State Law Consists of Two Parts:

    A state is a type of artificial person known as a body politic and corporate, with the state government having the capacity to create various public corporations which serve the general interest.

   Excerpt from Edwin E. Bryant’s The Law of Pleading Under the Codes of Civil Procedure (2d ed. 1899):

     “The body of law in a State consists of two parts, substantive and adjective law.  The former prescribes those rules of civil conduct which declare the rights and duties of all who are subject to the law.  The latter relates to the remedial agencies and procedure by which rights are maintained their invasion redressed, and the methods by which such results are accomplished in judicial tribunals. [1]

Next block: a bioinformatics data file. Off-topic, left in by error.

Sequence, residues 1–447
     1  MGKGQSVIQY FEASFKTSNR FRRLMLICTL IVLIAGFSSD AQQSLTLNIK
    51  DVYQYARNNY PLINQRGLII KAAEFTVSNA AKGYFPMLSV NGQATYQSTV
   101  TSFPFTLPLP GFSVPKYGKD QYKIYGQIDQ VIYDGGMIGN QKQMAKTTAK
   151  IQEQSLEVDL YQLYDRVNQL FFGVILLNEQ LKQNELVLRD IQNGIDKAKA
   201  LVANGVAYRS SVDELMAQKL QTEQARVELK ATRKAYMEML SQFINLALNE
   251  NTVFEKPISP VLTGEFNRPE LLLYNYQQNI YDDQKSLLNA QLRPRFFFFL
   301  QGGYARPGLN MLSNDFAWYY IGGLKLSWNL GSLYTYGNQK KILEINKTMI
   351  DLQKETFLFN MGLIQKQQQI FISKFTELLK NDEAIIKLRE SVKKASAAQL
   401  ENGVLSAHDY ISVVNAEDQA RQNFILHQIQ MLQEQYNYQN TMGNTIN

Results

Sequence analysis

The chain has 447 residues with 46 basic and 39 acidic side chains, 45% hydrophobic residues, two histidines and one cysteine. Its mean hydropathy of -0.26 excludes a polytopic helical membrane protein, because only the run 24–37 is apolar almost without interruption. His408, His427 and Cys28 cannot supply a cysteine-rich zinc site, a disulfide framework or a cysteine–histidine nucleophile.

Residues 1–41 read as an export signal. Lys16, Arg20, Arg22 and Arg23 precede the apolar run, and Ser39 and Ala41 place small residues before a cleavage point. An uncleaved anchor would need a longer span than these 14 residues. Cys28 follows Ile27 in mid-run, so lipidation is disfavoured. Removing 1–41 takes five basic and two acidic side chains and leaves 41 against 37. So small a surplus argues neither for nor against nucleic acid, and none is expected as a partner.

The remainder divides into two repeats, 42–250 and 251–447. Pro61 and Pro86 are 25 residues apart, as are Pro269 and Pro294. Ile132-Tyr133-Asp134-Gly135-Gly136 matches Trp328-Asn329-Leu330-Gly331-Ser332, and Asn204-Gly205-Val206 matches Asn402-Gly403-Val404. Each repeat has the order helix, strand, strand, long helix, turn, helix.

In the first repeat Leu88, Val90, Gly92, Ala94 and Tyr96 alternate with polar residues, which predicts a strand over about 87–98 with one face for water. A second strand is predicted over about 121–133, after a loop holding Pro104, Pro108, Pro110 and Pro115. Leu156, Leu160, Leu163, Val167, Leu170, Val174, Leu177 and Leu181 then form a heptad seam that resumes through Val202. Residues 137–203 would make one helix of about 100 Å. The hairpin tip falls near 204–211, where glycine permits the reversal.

Adjective Law – the body of rules governing procedure and practice (“procedural law”).

Substantive Law – creates, defines, and regulates the rights, duties, and powers of parties. [2]

References:

Disclaimer: All material throughout this website is pertinent to people everywhere, and is being utilized in accordance with Fair Use.

[1]: Edwin E. Bryant, The Law of Pleading Under the Codes of Civil Procedure (2d ed. 1899).

[2]: Black’s Law Dictionary Deluxe Tenth Edition by Henry Campbell Black, Editor in Chief Bryan A. Garner. ISBN: 978-0-314-61300-4

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Back to Intro to U.S. Law

Legal Precepts Adopted (from Europe) into The U.S. Constitution

§ § of Law Embedded into the Constitution Pursuant to the American Revolution

Indian Country Law

Federal Rules of Procedure

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